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UBC Theses and Dissertations

Management experiences of adolescents living with type 2 diabetes Tzianetas, Roula

Abstract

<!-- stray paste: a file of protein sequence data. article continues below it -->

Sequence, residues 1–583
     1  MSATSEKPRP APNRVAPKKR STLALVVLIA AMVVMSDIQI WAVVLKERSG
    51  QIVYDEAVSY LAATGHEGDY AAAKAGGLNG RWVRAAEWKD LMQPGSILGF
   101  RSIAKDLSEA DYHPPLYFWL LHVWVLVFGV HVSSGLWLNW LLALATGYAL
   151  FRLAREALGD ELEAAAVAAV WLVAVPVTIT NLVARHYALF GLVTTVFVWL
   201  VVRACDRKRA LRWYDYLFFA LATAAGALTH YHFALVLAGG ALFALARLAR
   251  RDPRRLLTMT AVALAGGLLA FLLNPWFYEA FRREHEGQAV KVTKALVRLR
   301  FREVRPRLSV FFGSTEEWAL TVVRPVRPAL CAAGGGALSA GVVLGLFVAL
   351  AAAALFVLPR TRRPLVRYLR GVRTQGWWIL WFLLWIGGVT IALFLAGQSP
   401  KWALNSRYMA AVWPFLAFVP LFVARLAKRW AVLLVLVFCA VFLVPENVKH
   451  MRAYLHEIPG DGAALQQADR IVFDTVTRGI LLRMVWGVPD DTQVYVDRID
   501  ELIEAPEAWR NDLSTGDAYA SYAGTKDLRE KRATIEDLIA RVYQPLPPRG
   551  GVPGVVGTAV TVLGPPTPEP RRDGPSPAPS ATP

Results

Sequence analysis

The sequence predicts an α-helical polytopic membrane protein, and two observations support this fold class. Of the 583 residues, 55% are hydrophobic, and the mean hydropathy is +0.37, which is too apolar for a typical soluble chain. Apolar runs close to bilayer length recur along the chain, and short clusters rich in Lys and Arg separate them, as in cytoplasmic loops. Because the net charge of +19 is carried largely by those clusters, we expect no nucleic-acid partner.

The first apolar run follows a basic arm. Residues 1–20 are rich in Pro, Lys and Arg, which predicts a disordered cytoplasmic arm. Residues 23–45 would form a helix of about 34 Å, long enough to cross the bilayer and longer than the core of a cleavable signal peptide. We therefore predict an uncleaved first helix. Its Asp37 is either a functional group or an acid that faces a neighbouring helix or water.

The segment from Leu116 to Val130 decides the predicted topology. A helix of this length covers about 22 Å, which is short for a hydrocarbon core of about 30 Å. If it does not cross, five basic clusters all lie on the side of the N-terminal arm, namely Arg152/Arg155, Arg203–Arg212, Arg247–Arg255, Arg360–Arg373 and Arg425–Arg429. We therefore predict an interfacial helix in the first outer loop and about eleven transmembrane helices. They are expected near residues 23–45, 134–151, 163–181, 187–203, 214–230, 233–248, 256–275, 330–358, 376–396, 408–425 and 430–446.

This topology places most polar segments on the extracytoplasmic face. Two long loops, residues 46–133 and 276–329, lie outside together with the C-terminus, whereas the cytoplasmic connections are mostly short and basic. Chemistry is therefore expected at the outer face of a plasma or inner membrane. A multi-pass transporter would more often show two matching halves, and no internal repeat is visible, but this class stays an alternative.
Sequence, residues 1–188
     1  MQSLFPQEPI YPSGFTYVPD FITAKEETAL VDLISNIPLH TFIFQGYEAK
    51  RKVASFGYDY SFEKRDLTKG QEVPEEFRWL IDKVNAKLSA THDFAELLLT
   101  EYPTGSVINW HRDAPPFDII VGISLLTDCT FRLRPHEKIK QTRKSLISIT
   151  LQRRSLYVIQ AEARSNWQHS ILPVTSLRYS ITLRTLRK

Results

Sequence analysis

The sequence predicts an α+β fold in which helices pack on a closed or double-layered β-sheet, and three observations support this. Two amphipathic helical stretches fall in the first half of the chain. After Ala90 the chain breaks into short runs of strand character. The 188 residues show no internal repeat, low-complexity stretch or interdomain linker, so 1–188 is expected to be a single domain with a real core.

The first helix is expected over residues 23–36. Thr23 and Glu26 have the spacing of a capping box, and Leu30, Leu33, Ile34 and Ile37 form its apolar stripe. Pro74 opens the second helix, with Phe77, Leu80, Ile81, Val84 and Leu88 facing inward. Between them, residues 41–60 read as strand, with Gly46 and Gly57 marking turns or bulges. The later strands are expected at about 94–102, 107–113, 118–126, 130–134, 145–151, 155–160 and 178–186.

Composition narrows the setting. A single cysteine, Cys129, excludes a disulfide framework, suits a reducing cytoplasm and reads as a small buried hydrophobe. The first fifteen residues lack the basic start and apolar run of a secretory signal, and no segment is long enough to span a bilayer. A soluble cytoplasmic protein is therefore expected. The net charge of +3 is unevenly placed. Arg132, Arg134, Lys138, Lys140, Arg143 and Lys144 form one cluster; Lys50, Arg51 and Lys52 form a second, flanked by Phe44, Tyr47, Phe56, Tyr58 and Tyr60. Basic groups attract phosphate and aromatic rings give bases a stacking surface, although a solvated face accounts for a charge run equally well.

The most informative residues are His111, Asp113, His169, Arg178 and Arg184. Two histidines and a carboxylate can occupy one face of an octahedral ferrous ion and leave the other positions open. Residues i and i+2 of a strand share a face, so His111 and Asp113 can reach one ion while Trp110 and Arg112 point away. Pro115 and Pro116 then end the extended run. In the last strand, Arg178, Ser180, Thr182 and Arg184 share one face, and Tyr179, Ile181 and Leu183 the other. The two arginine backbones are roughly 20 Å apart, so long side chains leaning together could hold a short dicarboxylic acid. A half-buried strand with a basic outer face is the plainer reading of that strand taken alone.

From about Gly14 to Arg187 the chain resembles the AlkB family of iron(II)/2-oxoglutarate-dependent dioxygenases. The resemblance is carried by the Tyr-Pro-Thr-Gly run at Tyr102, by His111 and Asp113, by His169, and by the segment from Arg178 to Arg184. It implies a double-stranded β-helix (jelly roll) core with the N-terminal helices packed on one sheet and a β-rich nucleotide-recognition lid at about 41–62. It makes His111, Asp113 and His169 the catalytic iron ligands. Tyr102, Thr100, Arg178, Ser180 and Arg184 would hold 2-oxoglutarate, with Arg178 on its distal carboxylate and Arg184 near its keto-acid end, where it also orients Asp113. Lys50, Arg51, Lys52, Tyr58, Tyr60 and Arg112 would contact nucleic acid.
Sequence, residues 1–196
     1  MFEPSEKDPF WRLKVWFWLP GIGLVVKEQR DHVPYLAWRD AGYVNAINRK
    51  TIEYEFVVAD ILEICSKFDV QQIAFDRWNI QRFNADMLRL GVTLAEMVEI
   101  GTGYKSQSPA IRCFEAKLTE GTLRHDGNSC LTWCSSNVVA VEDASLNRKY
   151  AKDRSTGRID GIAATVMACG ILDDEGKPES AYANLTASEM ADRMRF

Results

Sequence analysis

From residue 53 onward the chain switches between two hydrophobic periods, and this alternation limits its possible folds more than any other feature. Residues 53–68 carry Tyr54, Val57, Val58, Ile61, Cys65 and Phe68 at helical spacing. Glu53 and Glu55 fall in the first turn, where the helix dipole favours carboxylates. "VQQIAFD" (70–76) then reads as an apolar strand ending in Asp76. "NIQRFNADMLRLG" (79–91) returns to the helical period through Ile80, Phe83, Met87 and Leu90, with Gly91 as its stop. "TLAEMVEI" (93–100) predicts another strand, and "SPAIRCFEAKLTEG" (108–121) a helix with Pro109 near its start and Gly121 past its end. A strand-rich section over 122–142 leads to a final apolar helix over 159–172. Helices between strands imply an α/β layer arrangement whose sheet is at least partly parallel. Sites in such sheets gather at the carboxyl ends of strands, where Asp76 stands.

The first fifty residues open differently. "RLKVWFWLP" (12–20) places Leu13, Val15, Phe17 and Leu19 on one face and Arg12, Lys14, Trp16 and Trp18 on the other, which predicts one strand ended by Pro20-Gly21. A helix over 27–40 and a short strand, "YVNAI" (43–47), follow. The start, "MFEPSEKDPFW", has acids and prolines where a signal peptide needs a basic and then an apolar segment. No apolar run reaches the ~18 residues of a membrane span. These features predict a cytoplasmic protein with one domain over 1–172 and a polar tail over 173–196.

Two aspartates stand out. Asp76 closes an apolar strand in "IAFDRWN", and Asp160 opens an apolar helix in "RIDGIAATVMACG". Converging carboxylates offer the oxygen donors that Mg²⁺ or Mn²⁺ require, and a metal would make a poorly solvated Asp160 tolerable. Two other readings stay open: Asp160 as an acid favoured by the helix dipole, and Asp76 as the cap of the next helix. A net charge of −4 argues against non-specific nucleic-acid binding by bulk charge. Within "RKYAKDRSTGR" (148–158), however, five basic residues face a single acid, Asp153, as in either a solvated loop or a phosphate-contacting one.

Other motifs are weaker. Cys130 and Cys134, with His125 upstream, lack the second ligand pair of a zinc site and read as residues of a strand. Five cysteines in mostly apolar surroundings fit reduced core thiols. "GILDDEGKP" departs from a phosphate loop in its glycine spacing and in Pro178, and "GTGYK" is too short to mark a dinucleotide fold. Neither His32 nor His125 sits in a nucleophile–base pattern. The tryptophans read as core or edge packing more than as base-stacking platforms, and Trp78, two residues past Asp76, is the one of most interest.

Although type 2 diabetes (T2D) is typically a condition that affects adults, it has recently been diagnosed in children and adolescents as well. Management is multifaceted, continual and involves diet therapy, exercise, blood glucose monitoring, taking medications and glycaemic control. While there is extensive literature on compliance issues in adults with T2D, no studies have examined how adolescents diagnosed with the condition manage their care. This study addressed this lack of information by using a qualitative research approach to explore the individual experiences of adolescents living with T2D. Participants included adolescents with T2D (n = 8; Body Mass Index [BMI] = 22-34 kg/m2) attending the B.C. Children's Hospital diabetes clinic and health professionals (n = 2) working at the clinic. Each adolescent was interviewed for 60-90 minutes during which they described activities surrounding: dietary habits, activity, medication use and blood glucose testing. Likewise, two health professionals were interviewed for 60-90 minutes to obtain their perspectives on the challenges faced in this field. Interviews were tape-recorded and transcribed verbatim. Trustworthiness (rigor) was established using strategies such as member checks, peer debriefing, triangulation, and audits. Data was managed using the ATLAS. ti software and then analyzed using qualitative methods. Ethical approval was received from B.C. Children's Hospital and the University of British Columbia. Informed consent was obtained from the health professionals, all participants and their parents. The adolescents with T₂D encountered emotional, cognitive, and behavioural responses to the diabetes itself and each component of diabetes management. Self-care practices fluctuated depending on internal forces (i.e. personality, personal models and interpersonal relationships) and external forces (i.e. family, peers, community and health professionals). While health professionals acknowledged that emotions and cognitions play a role in management, treatment strategies focused on task completion, specifically blood glucose testing and the continuous reinforcement of information. Re-directing strategies that take into consideration how personality, understandings, and social context of an adolescent's life influence the implementation of diabetes management components are significant to their overall care.

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